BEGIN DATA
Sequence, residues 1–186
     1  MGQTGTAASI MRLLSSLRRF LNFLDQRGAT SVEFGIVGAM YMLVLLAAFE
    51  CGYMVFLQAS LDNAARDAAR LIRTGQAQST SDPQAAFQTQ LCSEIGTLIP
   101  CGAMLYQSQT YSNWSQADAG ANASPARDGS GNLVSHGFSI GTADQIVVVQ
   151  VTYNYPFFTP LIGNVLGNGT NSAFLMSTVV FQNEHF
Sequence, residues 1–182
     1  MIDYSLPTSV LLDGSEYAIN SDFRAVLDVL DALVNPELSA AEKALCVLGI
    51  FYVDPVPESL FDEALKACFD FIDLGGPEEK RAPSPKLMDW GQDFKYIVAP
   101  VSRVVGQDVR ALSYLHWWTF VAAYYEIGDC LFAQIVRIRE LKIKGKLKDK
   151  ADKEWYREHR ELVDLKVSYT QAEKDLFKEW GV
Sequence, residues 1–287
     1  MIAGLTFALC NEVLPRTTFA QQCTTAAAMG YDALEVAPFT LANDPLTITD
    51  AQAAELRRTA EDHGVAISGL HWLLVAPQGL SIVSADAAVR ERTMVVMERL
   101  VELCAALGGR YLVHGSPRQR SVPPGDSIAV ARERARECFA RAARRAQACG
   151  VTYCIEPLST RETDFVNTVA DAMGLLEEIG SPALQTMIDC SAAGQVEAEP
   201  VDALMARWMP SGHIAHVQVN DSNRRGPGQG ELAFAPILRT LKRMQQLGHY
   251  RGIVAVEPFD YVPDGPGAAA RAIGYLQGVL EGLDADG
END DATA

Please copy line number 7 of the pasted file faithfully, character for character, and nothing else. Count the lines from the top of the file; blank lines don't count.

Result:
     1  MIDYSLPTSV LLDGSEYAIN SDFRAVLDVL DALVNPELSA AEKALCVLGI